Professionalism Through Knowledge

Protected Cautions and Convictions- Are you considering the right matters?


Protected Cautions and Convictions- Are you considering the right matters?

 Is your authority only taking into account what it can do with these matters?


The rules regarding the convictions and cautions that can be taken into account when assessing whether someone is 'fit and proper' to hold a Hackney Carriage / Private Hire driver licence changed from the previous position, which could be leaving councils unable to have regard to the totality of a person's criminal history


Members will be aware that since 2002, councils have been able to consider to both the spent and unspent convictions of persons who apply to become licensed as a Hackney Carriage and/or Private Hire Driver.  However, the Rehabilitation of Offenders Act 1974 (Exceptions) Order 1975 in 2002 was amended to mean that convictions are never 'spent' for the purposes of taxi driver licensing.


This was confirmed by the case of Herefordshire District Council v Prosser (2008) EWHC 257 (Admin), in which the council had refused Mr Prosser a licence in light of his multiple convictions which, were it not for the amended Order, would have been deemed 'spent'.  Deputy Judge Supperstone QC stated, "when one looks at the offences as a whole ... the view taken by the Justices of the offences is not compatible with the significant element of trust that is imposed with the holder of licences and with the overriding considerations of public safety. Not one of those convictions recorded against the respondent could be said to be irrelevant. All go to the heart of the fitness and propriety of this applicant to hold a licence."


Most Council Officers and licensees alike would not wish to dispute that councils should be able to determine whether a conviction is relevant to the assessment of an applicant's fitness and propriety in light of the statutory obligation not to issue a licence unless the council is satisfied that the applicant is fit and proper to hold it. Almost all Council's have published policies setting out what criminal conduct they will take into account when making this assessment, and what weight will generally be placed on each incident or patterns of conduct.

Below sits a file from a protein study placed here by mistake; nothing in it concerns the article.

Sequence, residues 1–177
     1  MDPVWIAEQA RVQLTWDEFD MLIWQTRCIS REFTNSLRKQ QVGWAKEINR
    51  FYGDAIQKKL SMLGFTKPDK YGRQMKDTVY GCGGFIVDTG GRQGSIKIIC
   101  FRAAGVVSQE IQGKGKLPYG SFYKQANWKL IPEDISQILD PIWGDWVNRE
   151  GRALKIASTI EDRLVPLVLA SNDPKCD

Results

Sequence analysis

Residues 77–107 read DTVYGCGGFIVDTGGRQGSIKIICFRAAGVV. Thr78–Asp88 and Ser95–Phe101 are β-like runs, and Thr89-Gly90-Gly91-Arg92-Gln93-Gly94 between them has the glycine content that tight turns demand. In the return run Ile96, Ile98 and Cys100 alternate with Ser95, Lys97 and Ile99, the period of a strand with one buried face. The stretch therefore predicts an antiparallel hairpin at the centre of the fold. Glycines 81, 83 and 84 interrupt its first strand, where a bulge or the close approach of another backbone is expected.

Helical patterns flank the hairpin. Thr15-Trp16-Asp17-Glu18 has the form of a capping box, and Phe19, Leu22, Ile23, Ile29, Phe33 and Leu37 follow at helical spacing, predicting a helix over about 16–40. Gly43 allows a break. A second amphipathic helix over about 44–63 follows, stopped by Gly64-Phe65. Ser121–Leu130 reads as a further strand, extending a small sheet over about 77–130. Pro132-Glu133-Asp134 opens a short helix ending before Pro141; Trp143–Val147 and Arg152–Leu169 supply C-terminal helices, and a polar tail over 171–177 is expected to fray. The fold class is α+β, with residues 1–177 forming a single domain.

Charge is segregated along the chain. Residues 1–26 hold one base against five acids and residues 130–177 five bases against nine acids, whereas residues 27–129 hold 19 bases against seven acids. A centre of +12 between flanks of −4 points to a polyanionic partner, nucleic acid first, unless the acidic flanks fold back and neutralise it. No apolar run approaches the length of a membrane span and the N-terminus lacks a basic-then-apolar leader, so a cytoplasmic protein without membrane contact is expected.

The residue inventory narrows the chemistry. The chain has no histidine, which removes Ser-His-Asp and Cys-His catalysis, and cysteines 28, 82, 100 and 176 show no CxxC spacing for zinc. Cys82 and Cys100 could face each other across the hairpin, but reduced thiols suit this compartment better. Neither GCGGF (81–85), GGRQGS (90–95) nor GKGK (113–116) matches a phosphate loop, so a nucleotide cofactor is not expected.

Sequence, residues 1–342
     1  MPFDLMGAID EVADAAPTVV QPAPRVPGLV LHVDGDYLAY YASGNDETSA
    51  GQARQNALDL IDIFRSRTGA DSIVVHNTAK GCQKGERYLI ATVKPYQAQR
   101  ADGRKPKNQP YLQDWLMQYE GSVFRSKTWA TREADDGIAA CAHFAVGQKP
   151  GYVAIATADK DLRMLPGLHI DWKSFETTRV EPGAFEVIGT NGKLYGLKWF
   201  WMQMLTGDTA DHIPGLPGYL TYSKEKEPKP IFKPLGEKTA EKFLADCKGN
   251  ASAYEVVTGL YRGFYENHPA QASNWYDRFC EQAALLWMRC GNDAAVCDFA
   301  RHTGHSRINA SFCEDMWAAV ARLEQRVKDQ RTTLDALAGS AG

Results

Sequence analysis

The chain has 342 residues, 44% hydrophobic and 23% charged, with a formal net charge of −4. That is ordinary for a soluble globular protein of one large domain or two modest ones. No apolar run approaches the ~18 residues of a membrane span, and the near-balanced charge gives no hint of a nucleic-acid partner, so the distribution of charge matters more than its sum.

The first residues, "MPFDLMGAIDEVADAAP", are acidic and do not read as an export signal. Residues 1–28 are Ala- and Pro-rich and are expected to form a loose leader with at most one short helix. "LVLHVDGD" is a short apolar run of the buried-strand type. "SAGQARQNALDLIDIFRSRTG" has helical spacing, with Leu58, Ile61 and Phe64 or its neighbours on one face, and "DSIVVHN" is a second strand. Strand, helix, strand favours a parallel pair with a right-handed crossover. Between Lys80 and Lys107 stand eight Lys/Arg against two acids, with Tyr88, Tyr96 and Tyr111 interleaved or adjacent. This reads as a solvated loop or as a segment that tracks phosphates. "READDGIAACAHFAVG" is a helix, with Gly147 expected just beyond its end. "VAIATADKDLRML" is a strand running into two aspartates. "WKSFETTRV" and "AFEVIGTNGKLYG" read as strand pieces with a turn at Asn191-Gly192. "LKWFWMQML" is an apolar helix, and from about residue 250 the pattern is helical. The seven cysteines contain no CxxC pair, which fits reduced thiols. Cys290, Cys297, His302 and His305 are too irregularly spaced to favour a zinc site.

New categories of 'protected cautions' and 'protected convictions' have been introduced, which since 2013 mean that after the passage of time the applicant must be treated as not having been charged with, convicted of or sentenced for any of those offences.

For a conviction to become 'protected' it must be the only conviction that the individual has received'

For a cautions to become 'protected', this happens simply by the passage of time.


This now means that councils cannot take into account an applicant's 'protected' cautions even where they form part of a pattern of behaviour which, when looking at the totality of the individual's conduct, would render them unsuitable to be licensed. In the case of people with criminal records who have been issued with licences, fact that cautions become 'protected' by the passage to time will mean that councils now need to 'forget' information that they have held, and which their policies potentially indicate is actually relevant to the person's fitness and propriety.  

The recent case of R (on app of P) v Secretary of State for the Home Department (2017) EWCA (Civ) 321 the Court of Appeal indicated that the current 'protected caution' and 'protected conviction' scheme needs further refinement to make it fit for purpose, but for now it is what it is.


Councils must now only ask for and consider information that they can lawfully take into account- it is recommened that applications wordings are checked for compliance or a bad day in court could follow rapidly!;


Please click here for a full list of matters which cannot become protected